Another autumn, another troop of students trudging back to their studies. But as London Graphic Centre’s annual billboard commissions prove, if you go to art school, the return isn’t the dreaded shiny shoes, new pencil case furore of Year 9, it’s a rather celebratory thing.
This year’s billboard has been illustrated by Clay Hickson, who’s turned his surreal style towards rendering art and design tools into a bonkers outer space landscape. It feels fun fresh, perhaps a reflection of Clay’s on memories of back-to-school time. “Returning to school was always an exciting time for me,” says Clay. “I went to art school so going back meant getting access to all the print studios that had been closed for the summer. I would usually be ready with a sketchbook full of ideas so I could hit the ground running as soon as classes started.”
Our teacher’s pet set about making the work with a series of quick pencil sketches to lay out ideas, before fine tuning the composition “with lots of erasing and cutting and pasting” before scanning in his work and developing it in Photoshop. “This is usually the longest part of process because it’s so easy to obsess over every line when you work digitally. There’s a lot of drawing and undoing and drawing and undoing… All the while I continue moving things around and tightening up the composition.”
“Next I start to add shadows, highlights and textures. This is always my favourite part because it’s when the image starts to really come alive. All the flat objects enter a new dimension and begin to occupy the space. You start to feel like you’re creating an actual world.”
This little world has been blown up to a rather large scale for the billboard – four metres by three to be exact. “Working at such a large scale was a totally new experience for me. Mostly, I just didn’t want it to be boring,” says Clay. “I wanted to make sure that it would have an impact in the space and be exciting for passers-by, so I tried to cram a lot of action into the image. With the help of some amazing art direction from Jamie McIntyre, we decided to make everything maximum velocity and capture the excitement of returning to school…It puts you on high alert knowing that every mistake is going to magnified several times and put up on display. So there was a lot of going back in and cleaning things up.”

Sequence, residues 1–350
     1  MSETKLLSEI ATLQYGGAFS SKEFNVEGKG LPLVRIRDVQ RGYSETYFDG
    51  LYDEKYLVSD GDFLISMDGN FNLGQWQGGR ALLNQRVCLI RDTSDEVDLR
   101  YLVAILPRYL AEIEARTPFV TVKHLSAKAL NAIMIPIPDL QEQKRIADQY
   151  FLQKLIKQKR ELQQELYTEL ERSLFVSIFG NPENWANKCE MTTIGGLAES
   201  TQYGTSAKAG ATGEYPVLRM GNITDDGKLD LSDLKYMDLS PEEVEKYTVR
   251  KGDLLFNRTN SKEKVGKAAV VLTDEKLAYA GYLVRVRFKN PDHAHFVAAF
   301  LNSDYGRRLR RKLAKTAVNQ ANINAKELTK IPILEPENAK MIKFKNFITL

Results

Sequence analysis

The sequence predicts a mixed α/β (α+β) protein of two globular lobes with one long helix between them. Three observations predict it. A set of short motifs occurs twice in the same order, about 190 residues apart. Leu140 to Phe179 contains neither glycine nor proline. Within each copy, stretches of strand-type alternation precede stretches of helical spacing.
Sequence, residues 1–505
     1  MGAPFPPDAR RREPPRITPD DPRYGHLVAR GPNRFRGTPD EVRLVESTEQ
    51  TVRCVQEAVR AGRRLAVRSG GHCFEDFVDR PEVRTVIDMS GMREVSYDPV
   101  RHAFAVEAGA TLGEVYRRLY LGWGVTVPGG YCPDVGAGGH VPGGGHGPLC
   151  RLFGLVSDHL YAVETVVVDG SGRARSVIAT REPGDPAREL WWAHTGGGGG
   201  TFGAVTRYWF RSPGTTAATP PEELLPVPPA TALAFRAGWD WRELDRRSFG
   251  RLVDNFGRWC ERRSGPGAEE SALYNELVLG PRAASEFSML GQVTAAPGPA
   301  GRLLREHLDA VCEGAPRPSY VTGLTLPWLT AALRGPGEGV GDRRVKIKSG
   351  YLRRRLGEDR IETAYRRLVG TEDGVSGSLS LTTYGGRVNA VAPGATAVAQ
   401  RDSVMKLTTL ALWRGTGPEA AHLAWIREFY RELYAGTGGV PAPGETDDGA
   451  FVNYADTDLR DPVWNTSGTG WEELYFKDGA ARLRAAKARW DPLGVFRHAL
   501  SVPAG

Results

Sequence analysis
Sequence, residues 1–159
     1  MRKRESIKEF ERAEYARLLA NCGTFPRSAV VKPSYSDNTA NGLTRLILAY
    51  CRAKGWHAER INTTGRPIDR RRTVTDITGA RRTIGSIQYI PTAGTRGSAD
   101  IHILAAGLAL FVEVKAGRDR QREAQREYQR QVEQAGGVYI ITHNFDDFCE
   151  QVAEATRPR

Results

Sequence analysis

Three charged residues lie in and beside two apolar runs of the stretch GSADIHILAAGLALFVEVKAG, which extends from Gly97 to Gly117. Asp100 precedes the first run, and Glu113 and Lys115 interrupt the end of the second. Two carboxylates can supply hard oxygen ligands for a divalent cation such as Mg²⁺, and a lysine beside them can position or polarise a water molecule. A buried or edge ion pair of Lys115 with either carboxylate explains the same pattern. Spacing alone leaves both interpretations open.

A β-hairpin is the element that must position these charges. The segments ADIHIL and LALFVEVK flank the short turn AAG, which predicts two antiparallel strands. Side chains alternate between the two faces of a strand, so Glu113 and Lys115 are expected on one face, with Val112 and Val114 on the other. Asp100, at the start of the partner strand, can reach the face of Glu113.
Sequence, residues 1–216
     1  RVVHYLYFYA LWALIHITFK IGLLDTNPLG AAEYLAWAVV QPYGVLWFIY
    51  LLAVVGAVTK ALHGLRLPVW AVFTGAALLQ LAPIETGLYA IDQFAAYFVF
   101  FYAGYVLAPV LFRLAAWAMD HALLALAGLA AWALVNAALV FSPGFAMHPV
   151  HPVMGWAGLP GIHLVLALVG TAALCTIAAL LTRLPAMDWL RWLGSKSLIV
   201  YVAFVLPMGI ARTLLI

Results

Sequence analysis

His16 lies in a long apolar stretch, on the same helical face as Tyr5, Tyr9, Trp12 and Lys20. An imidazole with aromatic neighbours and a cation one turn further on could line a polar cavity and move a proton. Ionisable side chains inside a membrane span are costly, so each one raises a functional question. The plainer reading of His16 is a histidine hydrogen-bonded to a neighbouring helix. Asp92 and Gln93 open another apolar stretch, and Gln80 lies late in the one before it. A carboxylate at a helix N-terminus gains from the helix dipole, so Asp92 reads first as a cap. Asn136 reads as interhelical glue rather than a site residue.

Clay’s multifarious reference points may seem gloriously dream-like and strange, but Clay says his illustrations come from relatively straightforward starting blocks. “Obviously, the internet is a big source for ideas. I also spend half of my time working in an art and architecture library which is an endless supply of inspiration. I absorb a lot of different kinds of imagery while I’m there and a lot of it comes out when I sit down to draw.
”I don’t usually start with a specific concept when I’m making my own work. It usually just grows out of lots of little bits and pieces of images and ideas. That fractured approach is probably where the surreal feeling comes from. I just draw whatever’s on my mind and just see where it leads. I’ve got a lot of bad art in me and the sooner I get it out, the sooner I can get to the good stuff (hopefully).”
About the Author
Emily joined It’s Nice That as Online Editor in the summer of 2014 after four years at Design Week. She is particularly interested in graphic design, branding and music. After working It's Nice That as both Online Editor and Deputy Editor, Emily left the company in 2016.